Alcohol took the nicest girl in the senior class and my heart is broken. Alcohol didn’t care how nice Becky was. Alcohol paid no attention to how fiercely she loved her daughters. Becky was facing unbearable grief, and alcohol used that against her. Becky was friendly, funny, and loyal, and alcohol took her down the darkest path and left her there.
I am a freshman in high school trying out for the Pom Dance team. I love to dance but I am terrified to try out. It is so much pressure and I don’t know if I am good enough. The are so many senior girls on the team and I am intimidated. I look up to them, but I am scared of them too. They don’t know me and they might be mean. I am insecure and I have to dance in front of them with my legs shaking. The only safe place to look is at this one senior girl that I am not scared of at all. I don’t have to be scared of her because she is nice. Her name is Becky. You know she is nice because you can just see it in her face. She has one of those nice faces with kind eyes and a wry smile. She is really friendly. She smiles at me and she smiles at everyone. You do not have to be afraid of her. She can’t be mean, you can just tell. Her natural state is a friendly, wry smile. I don’t think anyone could be scared of her. She is probably everyone’s safe looking place when they try out. She says hi to me and tells me I will do fine at tryouts. I am so relieved. She’s very chill and I feel silly for being so panicked about everything. She gives me the courage to do my best. I will eventually become friends with her and all the senior girls who are her best friends, but I don’t know that at the time. What I do know is that Becky is one of the nicest girls I have ever met and I want to work on being as nice her, especially to freshman girls when I am a big senior. It felt like she saved my life today, and I made the Pom Team!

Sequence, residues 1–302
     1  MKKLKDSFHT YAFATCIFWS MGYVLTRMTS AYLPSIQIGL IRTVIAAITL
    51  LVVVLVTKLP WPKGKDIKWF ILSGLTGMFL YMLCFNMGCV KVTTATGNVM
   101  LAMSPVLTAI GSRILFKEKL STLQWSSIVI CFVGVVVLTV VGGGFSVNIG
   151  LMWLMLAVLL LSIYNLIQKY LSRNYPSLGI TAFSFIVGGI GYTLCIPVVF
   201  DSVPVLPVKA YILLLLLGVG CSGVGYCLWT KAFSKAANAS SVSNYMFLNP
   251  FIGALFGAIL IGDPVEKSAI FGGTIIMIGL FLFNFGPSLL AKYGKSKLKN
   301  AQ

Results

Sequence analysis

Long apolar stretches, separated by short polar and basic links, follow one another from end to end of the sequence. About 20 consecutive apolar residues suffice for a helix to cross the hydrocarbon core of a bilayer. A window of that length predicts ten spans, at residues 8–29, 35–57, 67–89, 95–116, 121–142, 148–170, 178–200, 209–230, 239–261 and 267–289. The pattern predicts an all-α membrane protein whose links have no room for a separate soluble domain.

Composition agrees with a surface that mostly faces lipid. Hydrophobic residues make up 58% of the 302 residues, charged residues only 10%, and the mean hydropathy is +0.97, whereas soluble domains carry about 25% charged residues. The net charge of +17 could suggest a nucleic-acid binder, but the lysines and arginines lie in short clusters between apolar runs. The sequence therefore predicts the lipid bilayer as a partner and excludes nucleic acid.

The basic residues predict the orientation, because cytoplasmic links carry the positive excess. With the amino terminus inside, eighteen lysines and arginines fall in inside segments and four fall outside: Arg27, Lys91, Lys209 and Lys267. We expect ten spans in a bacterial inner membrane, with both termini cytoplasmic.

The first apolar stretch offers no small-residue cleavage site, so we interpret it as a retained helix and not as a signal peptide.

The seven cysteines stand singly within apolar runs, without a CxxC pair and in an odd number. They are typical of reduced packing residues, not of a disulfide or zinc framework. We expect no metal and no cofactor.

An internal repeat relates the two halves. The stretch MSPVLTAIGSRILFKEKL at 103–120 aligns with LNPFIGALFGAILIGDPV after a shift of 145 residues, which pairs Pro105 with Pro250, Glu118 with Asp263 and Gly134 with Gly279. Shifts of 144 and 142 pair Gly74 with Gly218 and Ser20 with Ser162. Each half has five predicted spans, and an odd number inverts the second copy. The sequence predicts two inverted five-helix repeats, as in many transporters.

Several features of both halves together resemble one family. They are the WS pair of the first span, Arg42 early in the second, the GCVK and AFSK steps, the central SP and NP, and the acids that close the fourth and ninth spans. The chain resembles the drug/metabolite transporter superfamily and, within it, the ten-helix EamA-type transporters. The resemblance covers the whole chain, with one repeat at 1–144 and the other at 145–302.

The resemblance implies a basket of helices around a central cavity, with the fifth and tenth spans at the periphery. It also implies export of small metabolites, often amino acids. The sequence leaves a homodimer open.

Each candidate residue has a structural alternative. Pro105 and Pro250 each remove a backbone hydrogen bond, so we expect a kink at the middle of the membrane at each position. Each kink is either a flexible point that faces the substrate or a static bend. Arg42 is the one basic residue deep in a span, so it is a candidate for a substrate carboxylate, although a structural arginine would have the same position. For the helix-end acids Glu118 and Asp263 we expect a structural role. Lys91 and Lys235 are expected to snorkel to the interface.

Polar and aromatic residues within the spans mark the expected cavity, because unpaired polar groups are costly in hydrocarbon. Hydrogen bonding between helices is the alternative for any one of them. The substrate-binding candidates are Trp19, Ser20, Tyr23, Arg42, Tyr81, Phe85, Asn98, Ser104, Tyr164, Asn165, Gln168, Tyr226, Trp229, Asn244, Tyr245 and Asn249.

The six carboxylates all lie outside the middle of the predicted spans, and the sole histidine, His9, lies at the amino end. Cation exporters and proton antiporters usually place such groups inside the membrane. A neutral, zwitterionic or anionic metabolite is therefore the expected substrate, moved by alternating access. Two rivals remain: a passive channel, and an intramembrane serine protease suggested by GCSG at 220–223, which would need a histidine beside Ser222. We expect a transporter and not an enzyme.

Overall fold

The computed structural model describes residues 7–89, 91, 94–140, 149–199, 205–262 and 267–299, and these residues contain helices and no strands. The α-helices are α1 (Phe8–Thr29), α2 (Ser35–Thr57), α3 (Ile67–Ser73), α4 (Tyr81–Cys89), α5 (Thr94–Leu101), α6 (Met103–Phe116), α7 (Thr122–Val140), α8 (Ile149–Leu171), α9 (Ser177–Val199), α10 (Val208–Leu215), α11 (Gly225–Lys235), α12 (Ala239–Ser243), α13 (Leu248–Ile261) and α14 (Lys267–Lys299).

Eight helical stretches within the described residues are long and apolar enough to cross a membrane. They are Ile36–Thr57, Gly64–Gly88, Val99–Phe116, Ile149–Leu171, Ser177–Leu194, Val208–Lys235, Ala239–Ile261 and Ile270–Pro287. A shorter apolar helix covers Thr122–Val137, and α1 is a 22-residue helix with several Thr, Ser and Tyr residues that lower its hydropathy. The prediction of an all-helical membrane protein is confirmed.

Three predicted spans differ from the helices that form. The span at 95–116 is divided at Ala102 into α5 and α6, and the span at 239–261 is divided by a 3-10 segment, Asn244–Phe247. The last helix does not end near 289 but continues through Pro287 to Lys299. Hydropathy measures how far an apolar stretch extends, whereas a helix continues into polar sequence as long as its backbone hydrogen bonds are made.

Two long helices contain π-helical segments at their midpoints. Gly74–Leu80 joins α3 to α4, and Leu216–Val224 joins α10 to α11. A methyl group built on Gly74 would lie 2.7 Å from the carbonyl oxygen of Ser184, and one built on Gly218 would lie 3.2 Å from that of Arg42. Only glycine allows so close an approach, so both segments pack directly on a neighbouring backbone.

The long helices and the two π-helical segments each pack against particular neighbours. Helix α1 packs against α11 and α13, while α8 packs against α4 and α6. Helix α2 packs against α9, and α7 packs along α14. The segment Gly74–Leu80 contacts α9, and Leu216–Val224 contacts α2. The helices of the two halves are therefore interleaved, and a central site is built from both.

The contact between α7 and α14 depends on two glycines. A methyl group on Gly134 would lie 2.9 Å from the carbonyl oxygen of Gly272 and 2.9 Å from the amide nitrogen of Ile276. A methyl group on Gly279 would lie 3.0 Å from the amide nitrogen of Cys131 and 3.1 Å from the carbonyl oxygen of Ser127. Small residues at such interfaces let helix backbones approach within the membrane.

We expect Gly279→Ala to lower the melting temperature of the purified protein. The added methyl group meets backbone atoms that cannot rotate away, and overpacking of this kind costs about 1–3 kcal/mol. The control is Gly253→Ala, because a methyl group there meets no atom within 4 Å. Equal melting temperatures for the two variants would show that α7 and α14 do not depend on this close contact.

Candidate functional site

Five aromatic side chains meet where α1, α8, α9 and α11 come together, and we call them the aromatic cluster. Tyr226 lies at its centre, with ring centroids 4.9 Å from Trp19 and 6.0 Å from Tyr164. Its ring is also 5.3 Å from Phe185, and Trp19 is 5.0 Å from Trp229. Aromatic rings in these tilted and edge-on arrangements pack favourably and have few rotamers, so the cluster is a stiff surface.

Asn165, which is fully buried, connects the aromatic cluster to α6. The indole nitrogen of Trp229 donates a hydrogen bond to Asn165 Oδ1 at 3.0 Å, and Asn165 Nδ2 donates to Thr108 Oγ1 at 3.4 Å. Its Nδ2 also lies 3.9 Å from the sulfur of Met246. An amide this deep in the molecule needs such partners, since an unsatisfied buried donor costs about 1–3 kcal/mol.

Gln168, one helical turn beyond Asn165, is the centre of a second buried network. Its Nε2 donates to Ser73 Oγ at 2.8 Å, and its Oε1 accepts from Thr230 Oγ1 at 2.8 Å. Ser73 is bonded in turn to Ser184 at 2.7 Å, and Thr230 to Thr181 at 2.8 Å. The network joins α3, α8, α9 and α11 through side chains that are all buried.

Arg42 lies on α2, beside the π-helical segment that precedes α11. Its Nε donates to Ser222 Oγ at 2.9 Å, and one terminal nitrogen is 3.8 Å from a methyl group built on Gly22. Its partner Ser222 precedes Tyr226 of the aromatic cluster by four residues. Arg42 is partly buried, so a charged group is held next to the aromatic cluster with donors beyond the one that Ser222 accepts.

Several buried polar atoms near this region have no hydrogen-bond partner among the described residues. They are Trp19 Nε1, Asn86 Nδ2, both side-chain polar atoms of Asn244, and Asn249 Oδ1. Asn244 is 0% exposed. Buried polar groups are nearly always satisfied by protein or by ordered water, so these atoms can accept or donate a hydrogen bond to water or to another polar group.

Becky messages me on Facebook that her and her mom are taking a girls trip to Savannah and if I have any suggestions on where to go, and what to see, since I had taken a trip there with my girlfriends. I tell her the best part is, you can drink wine walking down the street. I tell her where we ate, and drank. I tell her we left the boring ghost tour to go drink more wine. I tell her Mom’s are the best because I know she is as close to hers as I am to mine, and its one of many things we have in common. She agrees and repeats Moms ARE the best.
I am in my hometown, where Becky still lives. We are bummed because we missed running into each other. We decide we will try again next time and plan to give each other a big hug when we see each other! Becky adds me to her Christmas card list and I do the same for her. She reads my blog and tells me she bawled her eyes out when she read what I wrote about a classmate, my prom date, that died in an accident. She feels so sad for his kids, they went to the same daycare as her girls.
My Dad dies and Becky messages me that she thought of me many times today and she hopes I am finding my peace.
Becky admits she is struggling a bit with turning 40, and I assure her that she ages like a fine wine.